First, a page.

Book Review: To Teach: The Journey, In Comics

In the spirit of some of the comics-related posts I’ve been doing, I wanted to share a book review I wrote for the Harvard Educational Review on a fabulous graphic novel about teaching, by educator and activist Bill Ayers.

To Teach: The Journey, In Comics
by William Ayers and Ryan Alexander-Tanner
New York: Teachers College Press, 2010. 128 pp. $15.95

“Teaching at its best is not a matter of technique—it is primarily an act of love.”
– William Ayers

If I am left with only one lingering feeling from reading To Teach: The Journey, in Comics, it is love. This book exudes love: love for the profession of teaching and the brave, creative souls who engage in it; love for the children and youth who inspire, challenge, and teach the teacher; and even, in the end, love for the educational bureaucrats who are lampooned at various points in the book. William Ayers and Ryan Alexander-Tanner obviously adore teaching in all its messiness, and that adoration is infectious.

This book is a graphic novel adaptation of William Ayers’s classic work To Teach: The Journey of a Teacher, first published in 1993. The original text has been brought to life through striking black-and-white cartoons from artist Ryan Alexander-Tanner. As in the original, the graphic novel is made up of eight chapters, each delving into a different aspect of teaching. The ideas are grounded in Ayers’s time as a kindergarten teacher, his experiences as a parent, and the work of other innovative educators. To Teach is a book about what is possible; the educators featured are real people making real magic in real classrooms.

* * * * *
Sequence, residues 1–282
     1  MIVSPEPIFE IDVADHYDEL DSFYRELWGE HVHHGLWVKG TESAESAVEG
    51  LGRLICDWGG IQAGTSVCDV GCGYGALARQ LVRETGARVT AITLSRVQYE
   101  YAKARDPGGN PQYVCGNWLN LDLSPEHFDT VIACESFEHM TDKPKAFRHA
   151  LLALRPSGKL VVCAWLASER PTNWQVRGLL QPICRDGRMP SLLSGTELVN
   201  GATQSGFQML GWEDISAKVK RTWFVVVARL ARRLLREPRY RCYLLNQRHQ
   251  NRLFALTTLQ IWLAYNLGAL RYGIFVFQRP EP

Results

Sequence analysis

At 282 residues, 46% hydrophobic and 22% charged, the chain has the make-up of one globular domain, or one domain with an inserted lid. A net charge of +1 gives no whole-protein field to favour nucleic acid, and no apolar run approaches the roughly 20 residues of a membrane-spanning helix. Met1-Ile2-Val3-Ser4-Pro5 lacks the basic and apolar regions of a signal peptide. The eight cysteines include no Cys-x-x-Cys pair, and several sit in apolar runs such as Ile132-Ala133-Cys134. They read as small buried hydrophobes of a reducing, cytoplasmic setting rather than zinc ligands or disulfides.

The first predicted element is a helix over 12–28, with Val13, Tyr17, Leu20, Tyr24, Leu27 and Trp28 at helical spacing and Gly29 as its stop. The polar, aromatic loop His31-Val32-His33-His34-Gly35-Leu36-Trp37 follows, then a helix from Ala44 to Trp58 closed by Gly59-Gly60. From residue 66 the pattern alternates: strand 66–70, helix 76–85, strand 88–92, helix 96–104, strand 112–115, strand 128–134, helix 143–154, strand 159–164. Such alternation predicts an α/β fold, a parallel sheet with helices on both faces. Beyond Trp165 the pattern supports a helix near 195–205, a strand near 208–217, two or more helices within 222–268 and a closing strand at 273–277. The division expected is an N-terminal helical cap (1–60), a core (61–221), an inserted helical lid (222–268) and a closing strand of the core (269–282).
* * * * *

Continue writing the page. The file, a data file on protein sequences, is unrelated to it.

Ayers and Alexander-Tanner offer an impassioned plea for sloughing off the “myths” of teaching, such as the idea that children are worse than they were in the past or that a teacher’s work is to “save” students…Click HERE to read the full review

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